With the backdrop of Dyslexia Awareness Month upon us, we are reminded of the discussions we have with parents, students and those individuals who struggle with reading and writing; discussions that truly demonstrate the powerful impact our Dragon speech recognition solutions have on people’s daily lives.
We often talk about how Dragon speech recognition solutions help individuals and organizations tap into their productivity; enabling them to get more done by voice each day. But it’s an area that’s just as relevant, if not more significant, that makes me marvel at the small role we are able to play in helping to transform people’s daily lives. And with Dyslexia Awareness Month upon us, it’s the discussions we’ve had with individuals who struggle with learning issues, like dyslexia, that have left a powerful and lasting impact.
Thought to be one of the most common language-based learning issues that affect reading, writing, and spelling, the International Dyslexia Association estimates that, worldwide, dyslexia impacts over 700 million children and adults. For these individuals, the inability to clearly articulate their thoughts creates barriers to performing simple, everyday tasks – like reading and writing; making what you and I may take for granted, a huge hurdle to cross.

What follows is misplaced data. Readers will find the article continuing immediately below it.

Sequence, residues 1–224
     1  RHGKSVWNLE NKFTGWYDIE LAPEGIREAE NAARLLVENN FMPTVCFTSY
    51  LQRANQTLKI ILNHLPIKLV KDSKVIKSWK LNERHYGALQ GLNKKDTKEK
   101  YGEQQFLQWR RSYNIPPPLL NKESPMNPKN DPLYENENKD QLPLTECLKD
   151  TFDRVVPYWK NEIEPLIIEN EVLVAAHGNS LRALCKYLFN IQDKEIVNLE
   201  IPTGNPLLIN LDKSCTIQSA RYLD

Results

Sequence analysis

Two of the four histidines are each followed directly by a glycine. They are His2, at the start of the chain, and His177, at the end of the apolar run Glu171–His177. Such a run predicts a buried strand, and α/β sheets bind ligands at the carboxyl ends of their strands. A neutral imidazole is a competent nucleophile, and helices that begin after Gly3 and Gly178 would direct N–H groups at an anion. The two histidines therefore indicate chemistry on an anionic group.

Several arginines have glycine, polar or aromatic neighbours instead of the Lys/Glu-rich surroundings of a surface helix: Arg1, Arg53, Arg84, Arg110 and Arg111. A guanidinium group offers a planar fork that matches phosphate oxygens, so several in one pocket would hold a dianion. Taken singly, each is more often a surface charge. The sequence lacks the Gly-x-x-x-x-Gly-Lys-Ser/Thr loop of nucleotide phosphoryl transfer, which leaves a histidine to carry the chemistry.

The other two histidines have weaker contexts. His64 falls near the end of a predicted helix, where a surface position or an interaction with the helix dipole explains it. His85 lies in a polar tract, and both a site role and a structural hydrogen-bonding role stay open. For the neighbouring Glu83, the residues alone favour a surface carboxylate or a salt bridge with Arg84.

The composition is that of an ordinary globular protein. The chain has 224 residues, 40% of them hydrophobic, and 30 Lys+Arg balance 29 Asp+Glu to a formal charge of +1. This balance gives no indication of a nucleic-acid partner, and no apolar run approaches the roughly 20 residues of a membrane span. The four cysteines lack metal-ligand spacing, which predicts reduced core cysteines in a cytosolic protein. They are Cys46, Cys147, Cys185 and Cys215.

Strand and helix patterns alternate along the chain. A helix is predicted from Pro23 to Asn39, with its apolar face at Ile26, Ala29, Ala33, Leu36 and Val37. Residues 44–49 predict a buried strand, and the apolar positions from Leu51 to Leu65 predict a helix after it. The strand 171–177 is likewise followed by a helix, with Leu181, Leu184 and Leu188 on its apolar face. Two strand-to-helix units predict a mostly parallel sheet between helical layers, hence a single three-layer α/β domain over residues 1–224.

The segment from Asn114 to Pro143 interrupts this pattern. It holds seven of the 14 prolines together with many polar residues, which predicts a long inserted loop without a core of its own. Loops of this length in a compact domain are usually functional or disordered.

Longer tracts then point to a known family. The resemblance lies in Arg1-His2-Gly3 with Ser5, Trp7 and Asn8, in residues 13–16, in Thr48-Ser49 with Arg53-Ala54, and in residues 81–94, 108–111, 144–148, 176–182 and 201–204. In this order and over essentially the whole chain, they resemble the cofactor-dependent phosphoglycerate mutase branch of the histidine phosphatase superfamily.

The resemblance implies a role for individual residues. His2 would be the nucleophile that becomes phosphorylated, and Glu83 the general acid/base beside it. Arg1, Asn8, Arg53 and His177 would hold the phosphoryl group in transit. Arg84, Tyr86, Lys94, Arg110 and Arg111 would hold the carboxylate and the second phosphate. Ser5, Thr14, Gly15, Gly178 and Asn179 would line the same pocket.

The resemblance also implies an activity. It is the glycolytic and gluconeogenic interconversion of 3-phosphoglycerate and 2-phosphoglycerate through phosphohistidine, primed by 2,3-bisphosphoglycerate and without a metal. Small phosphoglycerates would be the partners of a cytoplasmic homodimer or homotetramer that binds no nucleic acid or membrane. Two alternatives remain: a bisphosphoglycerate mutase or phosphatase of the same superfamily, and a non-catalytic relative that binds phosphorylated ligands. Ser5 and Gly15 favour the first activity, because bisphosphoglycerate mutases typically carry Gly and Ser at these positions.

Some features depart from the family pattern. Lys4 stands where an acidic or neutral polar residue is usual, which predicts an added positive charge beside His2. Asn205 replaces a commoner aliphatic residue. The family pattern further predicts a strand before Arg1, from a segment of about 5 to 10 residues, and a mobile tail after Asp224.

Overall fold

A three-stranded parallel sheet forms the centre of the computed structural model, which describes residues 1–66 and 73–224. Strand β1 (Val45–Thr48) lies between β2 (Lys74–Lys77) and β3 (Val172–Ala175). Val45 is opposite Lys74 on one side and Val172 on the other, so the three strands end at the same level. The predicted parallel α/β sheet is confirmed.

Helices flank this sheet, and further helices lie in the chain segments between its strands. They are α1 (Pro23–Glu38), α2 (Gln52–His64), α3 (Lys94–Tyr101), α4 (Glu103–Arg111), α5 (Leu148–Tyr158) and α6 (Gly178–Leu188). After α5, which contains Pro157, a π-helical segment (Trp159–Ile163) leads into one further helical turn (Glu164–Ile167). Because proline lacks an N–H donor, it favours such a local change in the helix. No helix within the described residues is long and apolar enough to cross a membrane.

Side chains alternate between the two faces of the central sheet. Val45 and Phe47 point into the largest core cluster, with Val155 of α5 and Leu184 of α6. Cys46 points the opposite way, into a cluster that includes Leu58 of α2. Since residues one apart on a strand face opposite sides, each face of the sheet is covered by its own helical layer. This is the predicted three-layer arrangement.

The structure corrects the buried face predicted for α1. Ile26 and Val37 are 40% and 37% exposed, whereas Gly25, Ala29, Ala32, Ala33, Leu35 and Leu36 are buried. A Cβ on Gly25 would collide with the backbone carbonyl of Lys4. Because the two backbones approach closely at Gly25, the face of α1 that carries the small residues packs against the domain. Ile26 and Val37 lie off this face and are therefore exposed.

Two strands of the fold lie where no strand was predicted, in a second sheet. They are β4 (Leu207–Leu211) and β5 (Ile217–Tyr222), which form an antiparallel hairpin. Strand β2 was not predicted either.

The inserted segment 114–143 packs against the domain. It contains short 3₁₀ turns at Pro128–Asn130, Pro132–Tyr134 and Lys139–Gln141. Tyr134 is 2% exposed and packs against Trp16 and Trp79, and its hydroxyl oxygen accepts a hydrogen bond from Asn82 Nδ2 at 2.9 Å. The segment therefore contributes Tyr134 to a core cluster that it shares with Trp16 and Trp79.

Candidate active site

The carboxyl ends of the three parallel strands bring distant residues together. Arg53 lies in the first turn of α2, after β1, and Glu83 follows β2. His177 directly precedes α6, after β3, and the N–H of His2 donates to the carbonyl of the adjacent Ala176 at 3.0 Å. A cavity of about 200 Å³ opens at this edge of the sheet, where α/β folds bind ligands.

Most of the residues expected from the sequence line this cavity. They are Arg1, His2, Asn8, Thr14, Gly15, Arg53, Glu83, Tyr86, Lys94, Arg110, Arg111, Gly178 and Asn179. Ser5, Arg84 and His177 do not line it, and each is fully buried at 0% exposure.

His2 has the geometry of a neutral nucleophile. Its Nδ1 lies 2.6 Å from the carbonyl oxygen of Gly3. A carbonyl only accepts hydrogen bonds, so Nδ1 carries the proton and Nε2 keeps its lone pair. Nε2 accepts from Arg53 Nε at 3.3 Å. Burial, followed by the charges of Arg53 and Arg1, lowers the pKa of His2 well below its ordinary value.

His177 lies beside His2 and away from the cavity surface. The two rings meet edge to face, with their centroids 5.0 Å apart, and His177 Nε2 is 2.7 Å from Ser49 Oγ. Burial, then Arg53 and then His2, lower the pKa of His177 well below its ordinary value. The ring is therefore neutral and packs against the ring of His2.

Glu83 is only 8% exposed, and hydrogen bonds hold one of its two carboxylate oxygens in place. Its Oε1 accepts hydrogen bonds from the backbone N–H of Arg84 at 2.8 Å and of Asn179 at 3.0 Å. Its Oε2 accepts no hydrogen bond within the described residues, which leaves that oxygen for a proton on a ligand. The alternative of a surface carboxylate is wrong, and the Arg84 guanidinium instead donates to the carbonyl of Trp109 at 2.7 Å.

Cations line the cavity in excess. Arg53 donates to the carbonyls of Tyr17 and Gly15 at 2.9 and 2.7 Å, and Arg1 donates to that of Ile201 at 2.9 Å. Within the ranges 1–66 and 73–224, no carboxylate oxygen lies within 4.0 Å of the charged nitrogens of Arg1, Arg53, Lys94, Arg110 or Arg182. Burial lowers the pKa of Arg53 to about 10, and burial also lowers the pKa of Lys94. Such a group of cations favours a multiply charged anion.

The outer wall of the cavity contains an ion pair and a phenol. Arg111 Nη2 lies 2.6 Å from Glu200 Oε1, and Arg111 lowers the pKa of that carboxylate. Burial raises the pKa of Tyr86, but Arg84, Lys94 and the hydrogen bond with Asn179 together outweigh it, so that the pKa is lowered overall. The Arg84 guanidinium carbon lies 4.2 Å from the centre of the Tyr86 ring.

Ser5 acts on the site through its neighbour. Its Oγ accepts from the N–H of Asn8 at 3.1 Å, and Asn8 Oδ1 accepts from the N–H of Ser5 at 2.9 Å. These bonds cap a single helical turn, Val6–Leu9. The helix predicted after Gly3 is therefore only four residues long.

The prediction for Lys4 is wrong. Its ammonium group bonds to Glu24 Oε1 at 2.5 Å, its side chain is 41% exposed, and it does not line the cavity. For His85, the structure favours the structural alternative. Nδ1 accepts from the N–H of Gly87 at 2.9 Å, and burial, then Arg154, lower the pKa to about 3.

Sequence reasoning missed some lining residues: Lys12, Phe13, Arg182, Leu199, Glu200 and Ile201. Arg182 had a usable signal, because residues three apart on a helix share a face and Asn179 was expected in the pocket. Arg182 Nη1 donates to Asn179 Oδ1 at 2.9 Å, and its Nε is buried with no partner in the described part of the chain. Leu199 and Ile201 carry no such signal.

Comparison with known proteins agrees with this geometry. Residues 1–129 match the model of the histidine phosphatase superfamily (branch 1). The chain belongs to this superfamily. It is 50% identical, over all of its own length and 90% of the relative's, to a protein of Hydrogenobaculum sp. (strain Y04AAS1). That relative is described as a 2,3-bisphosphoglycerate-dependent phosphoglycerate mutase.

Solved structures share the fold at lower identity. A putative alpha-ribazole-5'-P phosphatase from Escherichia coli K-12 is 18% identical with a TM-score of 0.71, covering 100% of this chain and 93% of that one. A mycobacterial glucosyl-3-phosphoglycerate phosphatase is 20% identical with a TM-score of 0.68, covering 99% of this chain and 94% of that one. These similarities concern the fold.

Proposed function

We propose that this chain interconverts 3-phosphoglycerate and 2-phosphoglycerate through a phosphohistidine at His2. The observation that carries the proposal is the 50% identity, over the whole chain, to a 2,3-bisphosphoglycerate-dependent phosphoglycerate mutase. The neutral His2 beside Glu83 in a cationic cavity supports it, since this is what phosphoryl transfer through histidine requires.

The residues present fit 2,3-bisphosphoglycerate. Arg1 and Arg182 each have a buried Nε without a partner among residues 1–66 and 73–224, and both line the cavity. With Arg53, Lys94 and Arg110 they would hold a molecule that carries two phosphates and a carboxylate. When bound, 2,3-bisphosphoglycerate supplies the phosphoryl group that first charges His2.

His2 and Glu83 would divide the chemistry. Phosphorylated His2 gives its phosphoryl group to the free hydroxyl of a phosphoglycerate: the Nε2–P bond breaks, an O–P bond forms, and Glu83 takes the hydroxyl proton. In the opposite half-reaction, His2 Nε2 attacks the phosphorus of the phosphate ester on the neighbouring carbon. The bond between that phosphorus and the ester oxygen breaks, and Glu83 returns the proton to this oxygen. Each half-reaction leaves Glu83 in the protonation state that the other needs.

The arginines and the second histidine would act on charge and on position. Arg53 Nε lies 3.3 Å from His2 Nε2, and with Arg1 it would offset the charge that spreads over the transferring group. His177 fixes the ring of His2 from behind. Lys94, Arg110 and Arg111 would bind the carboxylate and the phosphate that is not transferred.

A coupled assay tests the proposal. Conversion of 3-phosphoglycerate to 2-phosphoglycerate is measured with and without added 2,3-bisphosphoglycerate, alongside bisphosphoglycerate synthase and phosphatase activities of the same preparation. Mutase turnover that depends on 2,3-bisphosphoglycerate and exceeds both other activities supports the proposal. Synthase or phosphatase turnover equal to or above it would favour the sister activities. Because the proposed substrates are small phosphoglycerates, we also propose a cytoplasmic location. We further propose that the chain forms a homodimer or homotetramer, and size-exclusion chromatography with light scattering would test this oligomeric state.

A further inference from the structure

I think of discussions with teachers like Cathi Graveline of the Foothills Academy in Calgary, the Academy’s Assistive Technology Specialist, who, with students as young as 8 years old, fight the daily battle to learn. Arming these students with tools like an iPad and Dragon, Graveline, along with countless other educators, are helping them achieve what we all want for our children – independence, success, and confidence.
This month I’m reminded of the countless conversations my team and I have shared with individuals with learning issues like dyslexia, all of whom expressed gratitude for helping them break down barriers to reading and writing. But truth be told, it’s we who should be most grateful; grateful in the fact that, day in and day out, we can play a small role in helping people communicate more easily in their daily lives – all with a simple word.